Go-Go Babyz  has amazing products to assist in air travel and if you fly with the baby more than once a year, the cost is DEFINITELY worth it! The Infant Cruizer comes with an adapter to allow you to use it with a convertible car seat once the baby gets bigger so it's a great investment.

Even if the baby will be in your lap, not in her own seat, it's nice to have wheels to push the baby or the bags through the airport. Leave the wheels attached and gate check if the baby does not have a seat on the plane and will be held in your lap.

Getting through Security:

Many large airports have a line at security dedicated to families with children. Look for this line where there will be less pressure to rush from the passengers in line behind you.

It's nice to have baby in a front pack/sling/or infant carrier while setting everything on the scanner belt so you can have both hands free.
-Remove your Ziploc baggie of liquids and place in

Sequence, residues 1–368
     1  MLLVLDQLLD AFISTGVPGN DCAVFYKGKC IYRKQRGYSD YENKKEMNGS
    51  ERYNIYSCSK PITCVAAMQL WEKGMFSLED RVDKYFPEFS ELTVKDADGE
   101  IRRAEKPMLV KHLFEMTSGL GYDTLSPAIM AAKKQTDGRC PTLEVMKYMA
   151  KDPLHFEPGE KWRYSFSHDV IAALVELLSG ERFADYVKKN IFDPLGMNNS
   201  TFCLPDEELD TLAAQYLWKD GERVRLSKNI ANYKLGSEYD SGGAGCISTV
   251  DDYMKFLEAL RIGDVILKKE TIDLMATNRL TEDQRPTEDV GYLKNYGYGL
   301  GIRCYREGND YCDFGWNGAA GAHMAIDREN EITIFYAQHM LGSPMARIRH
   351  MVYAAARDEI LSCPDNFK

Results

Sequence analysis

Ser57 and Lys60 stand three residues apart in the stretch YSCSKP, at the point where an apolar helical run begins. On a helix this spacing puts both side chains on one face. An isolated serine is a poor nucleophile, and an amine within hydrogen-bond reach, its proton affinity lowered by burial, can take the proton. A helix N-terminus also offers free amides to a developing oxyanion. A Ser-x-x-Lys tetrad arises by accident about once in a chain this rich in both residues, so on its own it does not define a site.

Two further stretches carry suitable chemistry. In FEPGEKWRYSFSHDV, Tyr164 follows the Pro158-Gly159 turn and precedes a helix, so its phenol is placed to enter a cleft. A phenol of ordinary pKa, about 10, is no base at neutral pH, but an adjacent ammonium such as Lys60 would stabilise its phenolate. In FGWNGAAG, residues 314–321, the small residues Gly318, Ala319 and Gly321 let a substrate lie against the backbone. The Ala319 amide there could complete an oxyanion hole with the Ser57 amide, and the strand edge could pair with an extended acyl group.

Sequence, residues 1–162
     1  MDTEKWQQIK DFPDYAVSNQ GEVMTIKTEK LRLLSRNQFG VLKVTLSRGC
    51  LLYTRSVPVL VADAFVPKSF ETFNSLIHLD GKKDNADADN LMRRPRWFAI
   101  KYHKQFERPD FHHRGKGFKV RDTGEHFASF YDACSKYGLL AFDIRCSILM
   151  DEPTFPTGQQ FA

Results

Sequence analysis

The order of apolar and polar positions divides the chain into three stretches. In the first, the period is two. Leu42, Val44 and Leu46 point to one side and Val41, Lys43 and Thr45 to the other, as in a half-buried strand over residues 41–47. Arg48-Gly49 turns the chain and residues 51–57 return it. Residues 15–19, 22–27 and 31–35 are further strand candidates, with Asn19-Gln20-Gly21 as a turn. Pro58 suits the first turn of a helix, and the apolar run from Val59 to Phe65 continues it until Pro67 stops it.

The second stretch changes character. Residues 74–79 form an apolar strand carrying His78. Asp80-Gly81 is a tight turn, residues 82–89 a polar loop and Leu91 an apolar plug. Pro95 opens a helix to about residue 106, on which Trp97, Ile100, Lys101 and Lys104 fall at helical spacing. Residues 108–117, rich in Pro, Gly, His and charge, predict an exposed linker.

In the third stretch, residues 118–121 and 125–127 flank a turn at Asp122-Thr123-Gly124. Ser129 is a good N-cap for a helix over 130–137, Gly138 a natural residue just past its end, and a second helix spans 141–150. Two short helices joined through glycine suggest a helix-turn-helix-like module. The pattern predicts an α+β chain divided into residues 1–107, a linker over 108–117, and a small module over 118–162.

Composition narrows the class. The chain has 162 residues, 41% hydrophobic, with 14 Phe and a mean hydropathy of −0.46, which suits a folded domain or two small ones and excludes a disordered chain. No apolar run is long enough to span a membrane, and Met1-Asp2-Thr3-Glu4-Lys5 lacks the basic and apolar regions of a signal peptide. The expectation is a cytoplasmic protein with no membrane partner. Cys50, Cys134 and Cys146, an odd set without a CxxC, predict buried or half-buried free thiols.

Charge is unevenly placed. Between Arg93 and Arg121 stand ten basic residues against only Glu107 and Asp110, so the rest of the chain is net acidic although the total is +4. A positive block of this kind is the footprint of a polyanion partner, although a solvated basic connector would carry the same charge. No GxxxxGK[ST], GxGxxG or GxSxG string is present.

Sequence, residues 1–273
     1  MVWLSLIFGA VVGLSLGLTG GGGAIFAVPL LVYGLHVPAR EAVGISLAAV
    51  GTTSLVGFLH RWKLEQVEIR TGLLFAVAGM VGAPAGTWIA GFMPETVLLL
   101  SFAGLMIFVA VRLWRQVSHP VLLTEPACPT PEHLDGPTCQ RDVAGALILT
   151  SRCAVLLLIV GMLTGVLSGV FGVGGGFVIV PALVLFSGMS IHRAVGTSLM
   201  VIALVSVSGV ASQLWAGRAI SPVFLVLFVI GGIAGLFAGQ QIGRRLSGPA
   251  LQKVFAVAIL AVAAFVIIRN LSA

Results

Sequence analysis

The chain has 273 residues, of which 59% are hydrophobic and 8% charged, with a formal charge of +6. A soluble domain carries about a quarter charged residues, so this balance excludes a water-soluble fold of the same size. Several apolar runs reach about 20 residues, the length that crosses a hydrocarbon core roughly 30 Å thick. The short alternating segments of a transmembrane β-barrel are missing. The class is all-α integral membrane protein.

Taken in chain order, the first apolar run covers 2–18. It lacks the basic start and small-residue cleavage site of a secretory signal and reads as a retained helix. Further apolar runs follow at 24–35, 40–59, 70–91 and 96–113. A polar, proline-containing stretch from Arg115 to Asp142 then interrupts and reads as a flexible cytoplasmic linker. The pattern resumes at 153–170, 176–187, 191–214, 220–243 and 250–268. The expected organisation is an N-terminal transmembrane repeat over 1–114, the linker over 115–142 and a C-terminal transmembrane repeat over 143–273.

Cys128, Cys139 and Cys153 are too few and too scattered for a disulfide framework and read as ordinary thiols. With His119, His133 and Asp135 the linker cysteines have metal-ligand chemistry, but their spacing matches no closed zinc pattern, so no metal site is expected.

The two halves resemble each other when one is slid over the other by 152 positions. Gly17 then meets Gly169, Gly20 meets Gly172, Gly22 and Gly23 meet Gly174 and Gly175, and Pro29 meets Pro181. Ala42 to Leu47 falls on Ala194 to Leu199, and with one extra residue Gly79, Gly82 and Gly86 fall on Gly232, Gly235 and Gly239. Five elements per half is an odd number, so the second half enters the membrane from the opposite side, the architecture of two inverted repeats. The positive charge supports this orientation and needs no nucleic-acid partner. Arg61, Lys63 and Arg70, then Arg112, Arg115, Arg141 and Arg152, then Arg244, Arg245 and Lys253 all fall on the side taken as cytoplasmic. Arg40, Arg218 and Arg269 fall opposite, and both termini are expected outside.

their own bin. (Add to this bin liquid for bottles, if bringing. More advice on this next week.)
-Put the backpack and diaper bag straight on the belt (no bin).
-Remove your shoes. Even though you no longer have to remove shoes on children under 12, it's best to not put shoes on your infant for travel. They slip off unnoticed. I recommend Trumpette Shoe Socks. All the cuteness of shoes but much more cozy.

-If you have the car seat and wheels, detach the wheels and put both through the scanner.
-Last, remove baby from carrier and put carrier on the belt.
After walking through the scanner don't feel you have to rush in reassembling, but move out of everyone's way. Push all your belongings to the end of the belt and assemble in reverse of how you put bags on in the first place:
-put on front pack/sling
-put baby in carrier
-shoes on
-wheels on car seat
-backpack on car seat
diaper bag stacked on backpack

Or, of course you can use the Infant Cruizer the way it's intended and put the baby in. Then wear the backpack and carry the diaper bag. (Go-Go Babyz also has a great Diaper Bag that attaches to the Infant Cruizer handle.)

You made it though the toughest part of travel with an infant! Next week I'll show you how I pack for the airplane with an infant.

**I do not represent any of the above mentioned companies. I am simply a fan of their products and want to share them with you.**